Principal William P. Hagen introduced guests and gave opening remarks to begin the ceremony.  Hagen thanked the class for their manner of conduct, examples set for others, and memories throughout the years.  His advice to the graduates was that they hold their own destinies, but that happiness is the key to success.  Hagen wished the class good luck, health, and success in life.

Salutatorian Zachary D. Lucius then approached the stage, feeling, he said, “like the runner up in a Miss America pageant.”

Besides adding a bit of humor to the ceremony, Lucius told his classmates to take away something real from high school by keeping friendships made over the years.  He asked his class to really make the effort to stay in touch and keep those connections.  In life, he asked his class to use their failures as trophies to always remember.

The Salem High School band then took the floor, or grass, as they played their final song with the seniors.  Seniors Sean Collins, Kristine Boucher, and Christopher Correia conducted the band during the song Gna Gna, which was met with huge applause as the last notes were played.

Lauren A. Gianino, third in the graduating class, read the Class Essay.  Gianino described the journey from childhood to adulthood; how dreams made as a child were thought to be unrealistic as an adult.  However, she said, one must do things that make oneself happy.  Gianino’s advice to the class was to find their goals over time, but more importantly, to follow bliss.

Valedictorian for the Class of 2007 was Shawnna M. Prendergast.  Prendergast, a Health Occupations student and future nurse, illustrated the voyage from freshmen to senior as the trip that blood cells take through the heart.  Through this journey, she said, the future began to form and goals were made.  Prendergast told her class that each person is unique, with each person’s destination a different one.  However, she pointed out that each person works together to make one body, or one world, work. 

Her advice to the class was to find their own pulse for life and follow their hearts.  At the end of her speech, Prendergast asked each person in the graduating class to use two fingers to find their pulses and raise their arms above their heads.  Once everyone had their arms raised, she said, “There’s the beat, let’s go.”

Principal Hagen took the stage once again to acknowledge students’ awards and scholarships.  Hagan asked the seniors that collected a total of $6,560,217 in college scholarships and grants to stand and be recognized.  He then asked all seniors that will be serving the country to stand and be recognized.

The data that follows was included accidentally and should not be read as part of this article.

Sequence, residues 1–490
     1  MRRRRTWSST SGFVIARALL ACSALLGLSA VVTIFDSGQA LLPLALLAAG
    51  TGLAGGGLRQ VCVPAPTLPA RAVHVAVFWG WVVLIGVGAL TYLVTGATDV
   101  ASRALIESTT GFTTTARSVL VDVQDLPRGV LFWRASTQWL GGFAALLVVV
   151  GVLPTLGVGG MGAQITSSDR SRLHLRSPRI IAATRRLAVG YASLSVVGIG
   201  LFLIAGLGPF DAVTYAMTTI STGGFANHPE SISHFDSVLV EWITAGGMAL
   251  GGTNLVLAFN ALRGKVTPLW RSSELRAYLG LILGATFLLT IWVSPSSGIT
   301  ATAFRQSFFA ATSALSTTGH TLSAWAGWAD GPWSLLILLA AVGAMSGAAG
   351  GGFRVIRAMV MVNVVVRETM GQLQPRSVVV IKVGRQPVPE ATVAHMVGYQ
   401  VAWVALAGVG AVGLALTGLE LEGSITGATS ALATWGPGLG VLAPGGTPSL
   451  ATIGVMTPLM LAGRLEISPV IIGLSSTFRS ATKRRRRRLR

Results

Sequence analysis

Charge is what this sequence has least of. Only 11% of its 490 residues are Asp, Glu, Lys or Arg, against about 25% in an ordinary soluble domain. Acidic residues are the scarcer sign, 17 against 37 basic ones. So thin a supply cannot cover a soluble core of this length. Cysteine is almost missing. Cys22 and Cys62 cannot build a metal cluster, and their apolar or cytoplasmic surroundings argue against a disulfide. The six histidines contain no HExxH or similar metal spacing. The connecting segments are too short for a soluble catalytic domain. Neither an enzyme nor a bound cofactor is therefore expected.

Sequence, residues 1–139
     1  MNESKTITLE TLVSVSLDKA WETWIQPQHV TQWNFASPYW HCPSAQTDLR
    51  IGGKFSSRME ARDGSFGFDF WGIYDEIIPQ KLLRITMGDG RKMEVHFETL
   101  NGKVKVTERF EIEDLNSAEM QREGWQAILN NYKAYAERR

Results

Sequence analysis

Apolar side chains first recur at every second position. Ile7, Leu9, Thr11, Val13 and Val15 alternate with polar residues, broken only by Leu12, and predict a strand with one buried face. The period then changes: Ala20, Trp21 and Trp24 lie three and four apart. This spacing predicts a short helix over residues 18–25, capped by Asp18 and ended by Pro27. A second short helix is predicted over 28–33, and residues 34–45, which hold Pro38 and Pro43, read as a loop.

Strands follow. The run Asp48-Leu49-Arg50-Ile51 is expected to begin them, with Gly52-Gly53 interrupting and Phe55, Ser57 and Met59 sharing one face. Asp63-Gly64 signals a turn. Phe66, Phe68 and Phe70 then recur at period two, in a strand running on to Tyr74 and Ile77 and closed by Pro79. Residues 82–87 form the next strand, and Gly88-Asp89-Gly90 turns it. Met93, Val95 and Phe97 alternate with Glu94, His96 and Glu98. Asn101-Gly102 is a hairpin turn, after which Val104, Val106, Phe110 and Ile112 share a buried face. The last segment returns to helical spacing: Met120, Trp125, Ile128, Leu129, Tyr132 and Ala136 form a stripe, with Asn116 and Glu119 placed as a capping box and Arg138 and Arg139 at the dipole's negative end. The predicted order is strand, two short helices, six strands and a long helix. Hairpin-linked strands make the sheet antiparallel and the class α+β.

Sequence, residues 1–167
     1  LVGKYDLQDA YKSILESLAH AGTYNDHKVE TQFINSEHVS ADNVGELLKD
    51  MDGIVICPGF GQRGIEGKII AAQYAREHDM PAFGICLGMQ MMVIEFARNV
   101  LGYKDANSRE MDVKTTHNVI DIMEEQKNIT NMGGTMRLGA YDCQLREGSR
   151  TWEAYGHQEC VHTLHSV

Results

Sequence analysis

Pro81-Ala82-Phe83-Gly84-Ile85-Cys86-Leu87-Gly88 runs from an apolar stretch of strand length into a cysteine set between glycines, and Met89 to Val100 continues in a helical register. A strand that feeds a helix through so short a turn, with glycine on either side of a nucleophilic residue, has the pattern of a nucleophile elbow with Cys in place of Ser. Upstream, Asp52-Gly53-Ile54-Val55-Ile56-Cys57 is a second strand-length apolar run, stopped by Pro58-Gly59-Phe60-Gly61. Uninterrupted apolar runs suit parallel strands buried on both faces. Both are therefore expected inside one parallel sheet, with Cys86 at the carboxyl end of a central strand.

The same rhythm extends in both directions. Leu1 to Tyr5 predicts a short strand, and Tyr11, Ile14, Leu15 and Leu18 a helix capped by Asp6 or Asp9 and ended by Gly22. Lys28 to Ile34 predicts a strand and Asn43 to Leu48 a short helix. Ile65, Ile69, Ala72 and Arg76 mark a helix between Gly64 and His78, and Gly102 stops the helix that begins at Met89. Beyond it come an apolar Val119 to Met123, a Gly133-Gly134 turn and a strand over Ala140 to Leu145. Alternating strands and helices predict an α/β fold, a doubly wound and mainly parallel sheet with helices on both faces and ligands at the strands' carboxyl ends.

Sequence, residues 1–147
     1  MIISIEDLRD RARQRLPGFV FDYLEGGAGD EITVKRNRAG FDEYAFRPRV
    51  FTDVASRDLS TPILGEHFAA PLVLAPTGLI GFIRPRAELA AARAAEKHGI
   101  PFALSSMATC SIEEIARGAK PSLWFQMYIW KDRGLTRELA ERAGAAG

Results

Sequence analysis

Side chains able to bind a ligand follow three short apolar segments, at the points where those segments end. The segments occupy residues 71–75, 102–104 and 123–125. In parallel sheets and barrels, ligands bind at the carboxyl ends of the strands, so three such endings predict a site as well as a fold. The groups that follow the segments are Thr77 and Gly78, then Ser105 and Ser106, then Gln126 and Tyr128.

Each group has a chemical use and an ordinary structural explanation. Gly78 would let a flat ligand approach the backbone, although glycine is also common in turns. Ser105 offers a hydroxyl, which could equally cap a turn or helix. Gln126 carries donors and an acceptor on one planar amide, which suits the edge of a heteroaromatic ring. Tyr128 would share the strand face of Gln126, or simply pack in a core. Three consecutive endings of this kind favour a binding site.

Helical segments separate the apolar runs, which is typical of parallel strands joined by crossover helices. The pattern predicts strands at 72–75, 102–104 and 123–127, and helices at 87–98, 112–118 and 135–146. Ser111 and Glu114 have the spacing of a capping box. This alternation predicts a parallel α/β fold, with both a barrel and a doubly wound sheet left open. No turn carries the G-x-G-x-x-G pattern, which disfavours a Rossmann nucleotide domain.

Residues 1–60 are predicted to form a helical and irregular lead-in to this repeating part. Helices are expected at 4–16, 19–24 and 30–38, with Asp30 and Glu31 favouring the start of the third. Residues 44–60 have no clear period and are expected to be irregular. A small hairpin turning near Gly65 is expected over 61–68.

Senior Class President Daniel S. Caredeo reminded the seniors of all the memories made in high school that will last forever.  Caredeo talked about proving themselves as underclassmen, the help they received from staff, and finally opening acceptance letters after all the hard work had been done.  He told the class that now they have all the right tools to fulfill their futures.

Before the presentation of diplomas, Superintendent Michael W. Delahanty gave the seniors some advice.  Delahanty told them that there is no need to worry or be nervous about their futures.  He said to always remember that “life is tough, but you have to be tougher.”

The diplomas were then presented, and the seniors became graduates.  At the end of the ceremony, the band played the 1812 Overture as fireworks were set off over the field. 

Hedgehog Park Opened for Season

by Jay Hobson

Lifeguard Brennan Natoli, 18 (front), and Beach Attendant Michael Cole, 18 (rear), watch over Hedgehog Park’s Pond.

Hedgehog Park on Route 38 in Salem opened June 9 for a season of fishing, swimming and picnicking fun.  A season pass for residents is $20 per family or $10 for the single season pass per person.  Day rates are $2 per person and $5 for families.

Non-residents can also visit the park.  Non-resident rates are $50 for the family season pass; $4 per person or $10 per family day passes, with Saturday and Sunday, non-resident passes at $6 per person and $15 per family.

Swimming is only allowed when lifeguards are on duty and inflatable floatation devices are not permitted.  Hours are Monday to Saturday, 11 a.m. to 6:30 p.m. and Sunday, noon to 6:30 p.m.

For more information, call the Recreation Department at 890-7709 or visit

17 Executive Drive, Suite One, Hudson, NH 03051 Phone: (603)880-1516 Fax: (603)879-9707
email: Copyright © 2005-2009 Area News Group